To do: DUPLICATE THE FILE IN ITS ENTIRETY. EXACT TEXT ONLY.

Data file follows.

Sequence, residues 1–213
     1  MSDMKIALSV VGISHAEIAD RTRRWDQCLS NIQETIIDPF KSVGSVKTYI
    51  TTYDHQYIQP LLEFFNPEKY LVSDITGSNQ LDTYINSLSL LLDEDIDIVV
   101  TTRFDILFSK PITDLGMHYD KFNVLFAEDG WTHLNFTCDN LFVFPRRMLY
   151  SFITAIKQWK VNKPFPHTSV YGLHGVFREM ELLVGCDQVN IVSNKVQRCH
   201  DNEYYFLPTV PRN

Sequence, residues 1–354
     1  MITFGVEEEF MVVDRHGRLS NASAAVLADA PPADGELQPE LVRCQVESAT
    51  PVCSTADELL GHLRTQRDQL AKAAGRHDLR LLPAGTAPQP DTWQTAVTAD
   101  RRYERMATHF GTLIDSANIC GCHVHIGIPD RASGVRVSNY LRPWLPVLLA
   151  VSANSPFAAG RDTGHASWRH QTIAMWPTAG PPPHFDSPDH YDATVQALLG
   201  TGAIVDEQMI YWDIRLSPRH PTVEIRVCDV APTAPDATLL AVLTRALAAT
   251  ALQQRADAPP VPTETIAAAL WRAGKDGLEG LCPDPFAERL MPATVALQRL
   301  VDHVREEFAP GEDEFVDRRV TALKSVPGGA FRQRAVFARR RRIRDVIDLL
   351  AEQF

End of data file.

Sequence, residues 1–213
     1  MSDMKIALSV VGISHAEIAD RTRRWDQCLS NIQETIIDPF KSVGSVKTYI
    51  TTYDHQYIQP LLEFFNPEKY LVSDITGSNQ LDTYINSLSL LLDEDIDIVV
   101  TTRFDILFSK PITDLGMHYD KFNVLFAEDG WTHLNFTCDN LFVFPRRMLY
   151  SFITAIKQWK VNKPFPHTSV YGLHGVFREM ELLVGCDQVN IVSNKVQRCH
   201  DNEYYFLPTV PRN

Sequence, residues 1–354
     1  MITFGVEEEF MVVDRHGRLS NASAAVLADA PPADGELQPE LVRCQVESAT
    51  PVCSTADELL GHLRTQRDQL AKAAGRHDLR LLPAGTAPQP DTWQTAVTAD
   101  RRYERMATHF GTLIDSANIC GCHVHIGIPD RASGVRVSNY LRPWLPVLLA
   151  VSANSPFAAG RDTGHASWRH QTIAMWPTAG PPPHFDSPDH YDATVQALLG
   201  TGAIVDEQMI YWDIRLSPRH PTVEIRVCDV APTAPDATLL AVLTRALAAT
   251  ALQQRADAPP VPTETIAAAL WRAGKDGLEG LCPDPFAERL MPATVALQRL
   301  VDHVREEFAP GEDEFVDRRV TALKSVPGGA FRQRAVFARR RRIRDVIDLL
   351  AEQF